‘Stars would eat, drink and do drugs’: Hard Rock Café veteran reveals celebrity life at Manchester diner

By Helen Le Caplain

Not many people can count music legends The Beatles, Elton John and Freddie Mercury among their friends.

But Hard Rock veteran and cultural attaché 72-year-old Rita Gilligan MBE certainly can.

Rita has served at the world-famous eatery since it first flung open its doors back in 1971 in Mayfair and has worked for them all over the world.

Despite her globe-trotting antics, she still has still has fond memories of her time in the Manchester Hard Rock.

The softly-spoken Galway native explained: “We used to get all sorts, The Beatles, The Rolling Stones, Freddie Mercury and the like coming into Hard Rock Café as an alternative to the fine dining places such as the Hilton.

“My favourite customers were The Beatles – they were lovely people. It was great to be able to go over and say hi and hi-five each other.

“I’m still in contact with Paul McCartney and Ringo Starr whose son (Zak) used to be a bus boy here.

“He was always using the cutlery as makeshift drumsticks on the counter tops and his godfather, Keith Moon, said that when he died he could have his 20-piece drum kit.

“But before he died, God rest his soul, he said that he’d had to sell it so he never got it.”

Since those early days Zak Starkey has now established himself as a successful rock drummer playing with the likes of his godfather’s band The Who and Manchester Britpop legends Oasis.

Hard Rock Café signalled the beginning of an entirely new dining experience, moving away from the formalities of fine dining.

“It was a complete change of culture,” she explained.

ICONIC: Manchester’s own Hard Rock Café

“At the time it was just lawyers and judges who were used to fine dining eating out, with eight knives and forks to contend with.

“It took them some time to get used to picking up the burger with their hands and drinking from the bottle.

“Rock stars would come into the café have their food, drink, smoke and do drugs.”

It’s not uncommon for people to lie about their age; shave off a couple of years and hit the hair dye in an attempt to roll back the years, but Rita added a couple of years onto her age in order to scoop her dream job.

“I was in fine dining for 17 years; the whole point of Hard Rock was to bring an authentic 50s dining experience to people.

“They wanted slightly older servers but I was 29 at the time. I lied about my age and said I was 32 to get the job.

And ever since she donned her uniform back in June 1971 she hasn’t looked back.

“It’s a fantastic job – I absolutely love it!

“The success of any great business is great staff; I’ve helped train the staff up and become a mummy and granny to so many of our 39,000 staff!”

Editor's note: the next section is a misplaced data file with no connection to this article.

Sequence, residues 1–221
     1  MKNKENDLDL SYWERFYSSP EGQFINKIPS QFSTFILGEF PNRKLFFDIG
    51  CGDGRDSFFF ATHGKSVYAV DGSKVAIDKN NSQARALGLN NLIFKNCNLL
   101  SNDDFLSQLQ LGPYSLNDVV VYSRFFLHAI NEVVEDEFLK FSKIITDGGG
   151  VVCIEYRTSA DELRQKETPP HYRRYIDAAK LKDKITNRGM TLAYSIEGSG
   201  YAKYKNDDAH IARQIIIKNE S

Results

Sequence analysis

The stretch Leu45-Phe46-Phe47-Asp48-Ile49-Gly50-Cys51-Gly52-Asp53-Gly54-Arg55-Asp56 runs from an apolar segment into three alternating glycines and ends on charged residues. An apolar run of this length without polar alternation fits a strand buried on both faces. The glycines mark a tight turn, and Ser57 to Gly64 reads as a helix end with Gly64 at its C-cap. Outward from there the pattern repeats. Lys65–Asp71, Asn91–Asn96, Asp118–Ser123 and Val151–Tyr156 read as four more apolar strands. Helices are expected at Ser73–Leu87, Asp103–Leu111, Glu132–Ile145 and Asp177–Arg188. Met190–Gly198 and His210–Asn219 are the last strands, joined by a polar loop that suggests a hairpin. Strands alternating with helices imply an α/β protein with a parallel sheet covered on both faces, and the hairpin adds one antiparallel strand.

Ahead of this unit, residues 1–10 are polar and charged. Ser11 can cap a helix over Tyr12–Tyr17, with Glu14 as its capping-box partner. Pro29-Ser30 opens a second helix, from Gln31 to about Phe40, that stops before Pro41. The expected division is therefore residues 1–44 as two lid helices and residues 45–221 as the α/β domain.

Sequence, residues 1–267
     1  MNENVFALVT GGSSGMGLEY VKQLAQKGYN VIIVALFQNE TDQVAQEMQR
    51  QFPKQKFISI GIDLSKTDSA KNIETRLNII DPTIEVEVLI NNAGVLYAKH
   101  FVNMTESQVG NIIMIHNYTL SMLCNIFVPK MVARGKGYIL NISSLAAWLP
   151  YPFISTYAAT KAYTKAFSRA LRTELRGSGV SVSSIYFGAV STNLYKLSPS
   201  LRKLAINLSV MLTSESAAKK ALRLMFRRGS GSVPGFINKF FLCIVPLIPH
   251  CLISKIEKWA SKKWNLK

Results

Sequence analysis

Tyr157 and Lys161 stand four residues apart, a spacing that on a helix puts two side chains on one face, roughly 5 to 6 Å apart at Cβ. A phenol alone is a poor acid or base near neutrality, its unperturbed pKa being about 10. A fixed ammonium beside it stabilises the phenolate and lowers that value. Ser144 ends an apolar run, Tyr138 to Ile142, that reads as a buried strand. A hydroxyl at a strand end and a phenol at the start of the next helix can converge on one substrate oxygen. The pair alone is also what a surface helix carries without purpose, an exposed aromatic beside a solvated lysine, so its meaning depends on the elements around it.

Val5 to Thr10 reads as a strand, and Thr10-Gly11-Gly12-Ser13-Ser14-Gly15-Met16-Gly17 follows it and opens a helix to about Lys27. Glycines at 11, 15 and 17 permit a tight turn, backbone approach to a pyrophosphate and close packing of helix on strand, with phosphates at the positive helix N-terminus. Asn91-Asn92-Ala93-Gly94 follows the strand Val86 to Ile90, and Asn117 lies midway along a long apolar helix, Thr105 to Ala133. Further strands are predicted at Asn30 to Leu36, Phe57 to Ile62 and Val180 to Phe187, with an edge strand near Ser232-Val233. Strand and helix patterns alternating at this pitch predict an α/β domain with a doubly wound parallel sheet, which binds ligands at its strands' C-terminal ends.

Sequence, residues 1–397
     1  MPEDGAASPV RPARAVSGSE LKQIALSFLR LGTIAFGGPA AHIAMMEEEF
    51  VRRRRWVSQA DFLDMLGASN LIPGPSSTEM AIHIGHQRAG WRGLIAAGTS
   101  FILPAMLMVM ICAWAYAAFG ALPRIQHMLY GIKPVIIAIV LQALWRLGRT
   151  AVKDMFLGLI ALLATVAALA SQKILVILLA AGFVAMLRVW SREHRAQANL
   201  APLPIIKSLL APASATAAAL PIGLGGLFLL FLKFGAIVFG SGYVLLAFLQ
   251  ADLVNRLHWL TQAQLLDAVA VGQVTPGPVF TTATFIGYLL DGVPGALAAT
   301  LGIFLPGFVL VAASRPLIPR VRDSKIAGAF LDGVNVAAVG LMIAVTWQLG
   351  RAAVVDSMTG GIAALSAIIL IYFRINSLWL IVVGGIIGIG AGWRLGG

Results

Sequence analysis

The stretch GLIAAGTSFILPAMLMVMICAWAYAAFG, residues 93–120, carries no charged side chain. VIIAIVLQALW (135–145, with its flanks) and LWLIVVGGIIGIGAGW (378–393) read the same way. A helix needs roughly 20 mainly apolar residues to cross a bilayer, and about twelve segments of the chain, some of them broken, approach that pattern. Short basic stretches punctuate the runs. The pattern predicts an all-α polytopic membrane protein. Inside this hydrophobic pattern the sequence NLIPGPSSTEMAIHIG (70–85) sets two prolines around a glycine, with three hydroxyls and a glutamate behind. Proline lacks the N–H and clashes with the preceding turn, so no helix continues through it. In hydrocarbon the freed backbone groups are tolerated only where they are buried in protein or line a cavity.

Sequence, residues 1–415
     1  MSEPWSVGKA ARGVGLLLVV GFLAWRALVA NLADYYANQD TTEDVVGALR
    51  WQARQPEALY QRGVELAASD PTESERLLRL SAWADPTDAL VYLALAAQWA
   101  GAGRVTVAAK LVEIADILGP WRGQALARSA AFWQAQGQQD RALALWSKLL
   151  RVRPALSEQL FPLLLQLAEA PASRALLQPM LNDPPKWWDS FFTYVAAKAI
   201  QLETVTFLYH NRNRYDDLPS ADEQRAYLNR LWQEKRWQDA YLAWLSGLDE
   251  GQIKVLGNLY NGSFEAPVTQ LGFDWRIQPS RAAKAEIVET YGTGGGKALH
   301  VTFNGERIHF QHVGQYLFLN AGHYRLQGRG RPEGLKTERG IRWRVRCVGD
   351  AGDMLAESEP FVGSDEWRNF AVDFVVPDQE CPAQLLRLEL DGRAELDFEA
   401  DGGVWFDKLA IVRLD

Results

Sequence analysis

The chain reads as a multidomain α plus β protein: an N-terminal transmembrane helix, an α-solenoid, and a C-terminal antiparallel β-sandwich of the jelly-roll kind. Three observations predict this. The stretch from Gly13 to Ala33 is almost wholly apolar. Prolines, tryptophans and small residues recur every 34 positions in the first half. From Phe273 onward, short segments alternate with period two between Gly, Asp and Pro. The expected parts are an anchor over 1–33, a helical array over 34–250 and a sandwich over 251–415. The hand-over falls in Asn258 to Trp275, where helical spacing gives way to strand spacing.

At the age of 72, Rita shows no signs of settling down to a quiet retirement, she takes her duties of cultural attaché very seriously and still finds the time to work the first Thursday of the month if she’s in London.

“I’ve opened 170 Hard Rock Cafés across the globe in 48 countries along with 17 hotels and casinos, I absolutely love it!”

Coming back to the city for the first time in 13 years to help launch the Hard Rock Couture exhibition in Manchester, Rita reminisced about her encounter with the chaps from 80s new wave band Duran Duran.

“Duran Duran opened Manchester’s Hard Rock Café in Manchester, they were a bit cheeky when they presented a picture of their handprints 13 years ago.

“One set of handprints were much bigger than the others, I asked one band member (Simon Le Bon) which one was his, knowing full well he’d say the big ones.

“He said, ‘of course it’s mine’ and unzipped his trousers and flashed me! Well you know what they say, big hands…!”

In addition to waiting tables and touring the world as a brand representative Rita also makes the time to undertake charity work, citing the chance to give something back as a great opportunity.

Not only is Rita the first lady of the Hard Rock Café, she was also recognised in the Queen’s honours list and was awarded an honorary MBE back in 1998 for her contribution to Britain’s tourist industry.

Displayed in pride of place on her uniform among a plethora of other badges and pins, Rita explained that she wears it fairly regularly.

“When I last saw Bob (Geldof) he asked about my MBE and why I wasn’t wearing it at the time.

“He had a special miniature version commission made for me to wear with all my other pins, so I now have this larger original one and a smaller one.”

With a large number of Hard Rock Cafés set to open this year in far-flung destinations including Kazakhstan, Vietnam and Bolivia, Rita shows no sign of slowing down just yet.

When asked about the enduring popularity of Hard Rock Café she cited its heritage of providing good food, good service and rock n roll to the masses.

“In its simplest form,” she explained “Music is the medicine of life.”

The free Hard Rock Couture fashion exhibition is at Hard Rock Café Manchester from August 30 – September 8.

For more information visit

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